Overview: Harley returns to Coney Island to fight the Penguin, along the way making her friends believe in her again!
Synopsis (spoilers ahead): Mad Hatter is active in Coney Island as his brainwashing is working on the Gang of Harleys and assorted others. The affected attack the remaining Gang members who are not brainwashed – luckily when all seems lost Harley and Killer Croc swoop in, quickly dispatching Mad Hatter to the dustbin of history and breaking his control.
Unfortunately, Harley’s friends are not in a particularly forgiving mood – their reason being she surrendered to the Penguin’s truth serum being far worse than succumbing to Mad Hatter’s control, as Harley had subconsciously wanted distance from her friends. Ultimately, she wanted to leave, even before the truth serum. However, Harley quickly turns the doubters around with a heartwarming speech which even if it is a little obvious, is also very heartwarming. Harley is both a character and a book with a lot of heart.
Penguin rears his ugly head, thinking he holds the aces with an assortment of B and C list villains PLUS two giant penguins to take out Harley and her crew, but Ivy proves her worth once again as she shows to have control over giant plants themselves! Worst Kaiju fight EVER, Eggy exclaims! In the end, Harley’s band prove too much for the likes of Scarecrow and Solomon Grundy and Penguin is defeated. Harley returns to Coney Island, although she is reminded she had to cut a deal with Scarface and the Mob to take it back.
Analysis: From a story perspective, the payoffs at the end of this lengthy arc are not substantial. In terms of plotting, this would have to go down as one of the more predictable turns in recent memory – the redemption of Killer Croc was telegraphed at the conclusion of the last issue and despite a typically misleading cover it’s a relief to see him teaming up with Harley. Of course, we have been awaiting Harley’s victory.
The art is worth noting in this issue. There are two distinct styles at play here – Inaki Miranda provides the stylized, almost goth-like Harley we have seen previously throughout this run, but there’s entirely another flavor to the art of Moritat. I found this a slightly challenging but also curiously playful which meshed nicely into Harley’s more whimsical side. My only comment would be that the transitions do tend to be jarring at times and the tone is a bit all over the map visually especially as the book powers to a conclusion. Both are fine art styles by extremely talented artists but the combination of different artists (especially of such different tones) inside on relatively short book is something I’ve never been a huge fan of. That said, both these artists are powerful and I found myself wishing for perhaps a whole issue just ran by Moritat as we have not seen as much of this artist’s work on this title. At times the style reminded me of something you would see in a Peanuts comic strip, just in the character models, and that was an enchanting difference to the more stylized goth rendering of Harley throughout this issue.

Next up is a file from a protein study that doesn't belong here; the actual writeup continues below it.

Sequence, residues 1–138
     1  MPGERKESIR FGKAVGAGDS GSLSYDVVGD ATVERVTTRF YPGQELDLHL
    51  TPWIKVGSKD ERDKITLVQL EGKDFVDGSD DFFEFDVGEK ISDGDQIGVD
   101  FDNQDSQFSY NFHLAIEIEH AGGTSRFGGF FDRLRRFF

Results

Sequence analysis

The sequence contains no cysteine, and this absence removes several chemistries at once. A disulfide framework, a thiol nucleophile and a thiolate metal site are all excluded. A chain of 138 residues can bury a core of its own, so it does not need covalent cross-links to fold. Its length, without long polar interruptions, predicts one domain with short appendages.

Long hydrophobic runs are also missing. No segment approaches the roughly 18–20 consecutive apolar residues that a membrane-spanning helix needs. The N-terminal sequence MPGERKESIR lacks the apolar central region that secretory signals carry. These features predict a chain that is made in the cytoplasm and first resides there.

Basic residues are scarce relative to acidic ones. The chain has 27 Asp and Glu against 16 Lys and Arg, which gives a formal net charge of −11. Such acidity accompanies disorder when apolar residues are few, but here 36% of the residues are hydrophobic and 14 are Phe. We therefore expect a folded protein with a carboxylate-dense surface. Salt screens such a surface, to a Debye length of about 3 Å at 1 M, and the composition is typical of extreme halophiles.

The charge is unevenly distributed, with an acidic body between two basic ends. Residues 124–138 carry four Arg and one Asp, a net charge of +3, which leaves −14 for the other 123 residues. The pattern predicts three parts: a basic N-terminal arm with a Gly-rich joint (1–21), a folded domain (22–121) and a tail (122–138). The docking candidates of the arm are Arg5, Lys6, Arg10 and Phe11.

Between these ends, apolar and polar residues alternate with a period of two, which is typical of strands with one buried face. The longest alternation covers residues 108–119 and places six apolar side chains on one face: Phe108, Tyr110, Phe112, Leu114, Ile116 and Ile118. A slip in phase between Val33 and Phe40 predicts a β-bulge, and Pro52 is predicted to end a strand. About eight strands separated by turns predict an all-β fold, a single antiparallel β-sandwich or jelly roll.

Frank Tieri definitely has the voice of this character and I am saddened to hear that his short run is coming to an end. It always has seemed to me that not only is Frank Tieri a talented writer, with great turns on runs like Space Punisher, Black Knight, Catwoman, and Deadpool, he, for some reason, doesn’t have long runs on titles where he has been knocking it out the park. His Catwoman with Inaki Miranda was strong and I thought he picked up nicely from the formidable Conner-Palmiotti team and frankly was hitting a big ball her on this title. I’m not poring over sales figures or social media reactions to see what the market is saying but from my perspective, it’s a shame to see Frank Tieri moving on.
Final Thoughts: Overall another good issue of Harley Quinn – solid, interesting art makes up for a slightly predictable wrap-up to this story arc which has nevertheless been entertaining throughout. A cameo by Condiment King at the end is truly fun and cool! Harley fans are well serviced at the moment with this fortnightly title!
Editor’s Note: David Finn is the author of The Asanti Series. Demorn: Blade of Exile, Demorn: City of Innocents and the latest book, Demorn: Soul Fighter, are currently available on Amazon here.